U.S. Department of Labor Clarifies Employees vs. Contractors

The U.S. Department of Labor’s final rule affirms that a worker is not an independent contractor if they are, as matter of economic reality, economically dependent on an employer for work. 

Photo: Canva/Automotive Fleet

The U.S. Department of Labor has laid the ground work to help employers distinguish workers as employees versus independent contractors under the Fair Labor Standards Act.

This can help commercial fleet managers determine which category their drivers fall into. Many larger commercial fleets rely on independent contractors — or owner-operators as they’re often referred to in the fleet industry — for things like last-mile deliveries and other services.

Some fleets also use independent contractors for mechanic work.

Why the Rule is in Place

The final rule provides guidance on proper classification and seeks to combat employee misclassification, which impacts workers’ rights to minimum wage and overtime pay, facilitates wage theft, allows some employers to undercut their law-abiding competition, and hurts the economy at-large, the department stated in a press release.

“Misclassifying employees as independent contractors is a serious issue that deprives workers of basic rights and protections,” Acting Secretary of Labor Julie Su said. “This rule will help protect workers, especially those facing the greatest risk of exploitation, by making sure they are classified properly and that they receive the wages they’ve earned.”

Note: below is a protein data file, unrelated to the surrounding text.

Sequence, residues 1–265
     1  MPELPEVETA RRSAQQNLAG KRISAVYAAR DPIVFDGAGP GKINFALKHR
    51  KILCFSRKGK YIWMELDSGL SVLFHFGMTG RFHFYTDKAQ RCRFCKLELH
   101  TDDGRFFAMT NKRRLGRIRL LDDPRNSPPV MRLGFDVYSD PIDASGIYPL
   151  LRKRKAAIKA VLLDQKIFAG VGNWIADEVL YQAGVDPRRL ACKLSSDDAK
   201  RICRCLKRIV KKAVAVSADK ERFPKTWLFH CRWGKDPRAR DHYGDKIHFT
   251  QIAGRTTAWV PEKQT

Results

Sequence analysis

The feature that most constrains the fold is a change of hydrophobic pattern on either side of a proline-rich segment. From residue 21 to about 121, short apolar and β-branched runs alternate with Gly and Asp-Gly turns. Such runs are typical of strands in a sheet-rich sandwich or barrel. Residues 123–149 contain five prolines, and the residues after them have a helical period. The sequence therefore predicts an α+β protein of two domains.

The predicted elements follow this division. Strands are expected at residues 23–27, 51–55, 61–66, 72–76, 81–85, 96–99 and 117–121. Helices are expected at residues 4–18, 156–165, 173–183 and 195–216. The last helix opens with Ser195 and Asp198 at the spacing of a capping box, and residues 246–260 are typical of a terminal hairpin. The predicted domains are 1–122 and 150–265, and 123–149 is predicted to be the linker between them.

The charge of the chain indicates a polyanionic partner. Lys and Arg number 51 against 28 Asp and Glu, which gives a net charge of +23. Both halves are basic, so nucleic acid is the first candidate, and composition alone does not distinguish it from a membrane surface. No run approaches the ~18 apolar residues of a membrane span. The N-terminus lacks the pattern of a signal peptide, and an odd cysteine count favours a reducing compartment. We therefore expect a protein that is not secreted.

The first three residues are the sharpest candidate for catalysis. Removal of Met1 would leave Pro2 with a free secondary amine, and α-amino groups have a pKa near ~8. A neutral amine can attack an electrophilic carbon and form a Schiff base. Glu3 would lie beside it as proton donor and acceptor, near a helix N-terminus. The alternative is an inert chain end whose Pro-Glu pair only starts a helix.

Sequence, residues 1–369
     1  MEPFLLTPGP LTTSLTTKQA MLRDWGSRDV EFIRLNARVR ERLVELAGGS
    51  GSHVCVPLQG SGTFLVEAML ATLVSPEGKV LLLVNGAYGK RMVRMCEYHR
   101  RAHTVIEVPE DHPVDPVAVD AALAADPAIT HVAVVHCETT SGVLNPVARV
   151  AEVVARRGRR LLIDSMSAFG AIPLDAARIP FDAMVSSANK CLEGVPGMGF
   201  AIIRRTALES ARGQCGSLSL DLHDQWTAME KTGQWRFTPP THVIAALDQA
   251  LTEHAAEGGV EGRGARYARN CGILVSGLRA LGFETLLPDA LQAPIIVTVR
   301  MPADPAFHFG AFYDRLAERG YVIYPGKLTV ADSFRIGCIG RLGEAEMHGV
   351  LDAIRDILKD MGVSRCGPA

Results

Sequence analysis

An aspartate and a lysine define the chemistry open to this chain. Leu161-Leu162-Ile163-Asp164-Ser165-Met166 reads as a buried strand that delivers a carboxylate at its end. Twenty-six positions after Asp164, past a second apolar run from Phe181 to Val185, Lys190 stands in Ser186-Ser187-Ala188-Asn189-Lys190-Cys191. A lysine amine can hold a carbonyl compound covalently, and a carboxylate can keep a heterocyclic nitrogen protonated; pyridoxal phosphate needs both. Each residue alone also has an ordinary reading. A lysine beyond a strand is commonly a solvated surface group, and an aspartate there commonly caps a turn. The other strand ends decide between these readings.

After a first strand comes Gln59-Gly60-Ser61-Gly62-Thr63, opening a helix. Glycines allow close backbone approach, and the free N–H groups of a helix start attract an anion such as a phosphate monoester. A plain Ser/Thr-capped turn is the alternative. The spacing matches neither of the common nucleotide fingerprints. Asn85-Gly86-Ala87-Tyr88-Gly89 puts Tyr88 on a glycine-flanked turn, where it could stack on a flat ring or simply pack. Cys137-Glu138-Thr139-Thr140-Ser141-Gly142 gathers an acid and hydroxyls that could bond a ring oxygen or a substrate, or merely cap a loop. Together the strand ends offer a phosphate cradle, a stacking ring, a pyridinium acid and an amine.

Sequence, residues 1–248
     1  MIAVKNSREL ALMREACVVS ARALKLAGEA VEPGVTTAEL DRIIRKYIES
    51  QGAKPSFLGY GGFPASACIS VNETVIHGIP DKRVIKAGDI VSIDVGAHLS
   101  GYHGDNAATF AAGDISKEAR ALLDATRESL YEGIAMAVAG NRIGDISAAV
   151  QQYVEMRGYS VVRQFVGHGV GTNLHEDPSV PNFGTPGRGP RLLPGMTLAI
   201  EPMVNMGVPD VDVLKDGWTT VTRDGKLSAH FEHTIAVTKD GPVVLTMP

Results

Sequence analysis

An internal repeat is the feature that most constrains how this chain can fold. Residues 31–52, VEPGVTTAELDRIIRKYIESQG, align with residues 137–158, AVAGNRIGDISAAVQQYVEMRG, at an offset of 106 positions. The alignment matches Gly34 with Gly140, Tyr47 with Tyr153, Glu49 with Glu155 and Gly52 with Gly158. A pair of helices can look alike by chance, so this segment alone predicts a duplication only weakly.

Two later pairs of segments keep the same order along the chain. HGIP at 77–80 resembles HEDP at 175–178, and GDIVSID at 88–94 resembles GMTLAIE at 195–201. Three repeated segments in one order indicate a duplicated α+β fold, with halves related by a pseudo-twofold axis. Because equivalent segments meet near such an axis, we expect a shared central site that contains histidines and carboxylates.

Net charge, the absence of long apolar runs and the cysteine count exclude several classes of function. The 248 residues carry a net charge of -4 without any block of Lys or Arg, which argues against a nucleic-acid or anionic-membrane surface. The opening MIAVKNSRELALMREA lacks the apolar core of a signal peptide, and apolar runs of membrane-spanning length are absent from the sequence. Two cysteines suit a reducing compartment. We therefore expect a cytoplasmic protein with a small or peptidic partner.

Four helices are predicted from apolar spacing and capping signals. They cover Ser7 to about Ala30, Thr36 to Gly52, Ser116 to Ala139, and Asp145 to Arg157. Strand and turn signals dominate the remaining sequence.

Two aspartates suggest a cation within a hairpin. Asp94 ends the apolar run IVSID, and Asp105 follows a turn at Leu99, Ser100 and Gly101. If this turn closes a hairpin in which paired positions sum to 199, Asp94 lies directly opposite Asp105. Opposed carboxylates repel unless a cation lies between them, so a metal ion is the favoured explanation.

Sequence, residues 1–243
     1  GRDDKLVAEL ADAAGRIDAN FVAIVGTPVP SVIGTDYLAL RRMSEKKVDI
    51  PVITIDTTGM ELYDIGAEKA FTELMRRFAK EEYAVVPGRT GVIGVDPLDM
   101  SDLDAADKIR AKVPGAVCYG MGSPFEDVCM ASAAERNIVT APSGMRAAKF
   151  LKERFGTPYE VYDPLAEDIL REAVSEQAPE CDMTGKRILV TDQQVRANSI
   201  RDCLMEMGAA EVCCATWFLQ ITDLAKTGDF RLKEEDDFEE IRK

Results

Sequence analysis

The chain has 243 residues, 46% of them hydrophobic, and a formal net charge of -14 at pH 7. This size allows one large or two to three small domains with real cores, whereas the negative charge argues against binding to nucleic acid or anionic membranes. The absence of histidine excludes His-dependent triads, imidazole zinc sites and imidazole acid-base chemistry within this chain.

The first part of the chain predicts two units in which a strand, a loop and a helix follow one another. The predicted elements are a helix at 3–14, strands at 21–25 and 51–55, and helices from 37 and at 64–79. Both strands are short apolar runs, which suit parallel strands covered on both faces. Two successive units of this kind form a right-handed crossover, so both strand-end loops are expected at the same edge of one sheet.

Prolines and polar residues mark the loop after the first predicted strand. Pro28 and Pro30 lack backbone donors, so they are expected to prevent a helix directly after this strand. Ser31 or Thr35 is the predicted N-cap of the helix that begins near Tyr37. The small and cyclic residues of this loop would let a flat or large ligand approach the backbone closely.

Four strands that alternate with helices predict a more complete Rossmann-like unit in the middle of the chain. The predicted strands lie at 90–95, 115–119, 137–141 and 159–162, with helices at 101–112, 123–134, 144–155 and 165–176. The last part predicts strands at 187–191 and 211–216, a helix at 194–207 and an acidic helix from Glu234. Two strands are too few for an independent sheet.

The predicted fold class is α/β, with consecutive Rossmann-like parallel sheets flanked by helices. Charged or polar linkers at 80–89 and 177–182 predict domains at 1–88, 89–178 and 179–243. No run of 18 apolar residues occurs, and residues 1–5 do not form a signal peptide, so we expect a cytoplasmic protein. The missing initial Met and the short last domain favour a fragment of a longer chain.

This final rule rescinds the 2021 Independent Contractor Rule which the department believes is not consistent with the law and precedent. 

The guidance provided by the final rule aligns with longstanding judicial precedent on which employers have previously relied to determine a worker’s status as either an employee or independent contractor.

The new rule will preserve essential worker rights and provide consistency for entities covered by the Fair Labor Standards Act. 

The new “independent contractor” rule restores the multifactor analysis used by courts for decades, ensuring that all relevant factors are analyzed to determine whether a worker is an employee or an independent contractor.

About the Final Rule

This final rule affirms that a worker is not an independent contractor if they are, as matter of economic reality, economically dependent on an employer for work. 

The final rule applies the following six factors to analyze employee or independent contractor status under the Fair Labor Standards Act:

  • Any opportunity for profit or loss a worker might have.
  • The financial stake and nature of any resources a worker has invested in the work.
  • The degree of permanence of the work relationship.
  • The degree of control an employer has over the person’s work.
  • Whether the work the person does is essential to the employer’s business.
  • A factor regarding the worker’s skill and initiative.

The new rules may have a huge effect on the drayage trucking industry. Read about one association’s vow to challenge the rules.

What About State Labor Laws?

Per the U.S. Constitution, federal law supersedes state laws. The exception is when state laws offer more rights and protections. This is often the case with labor laws.

The final rule takes effect on March 11, 2024.

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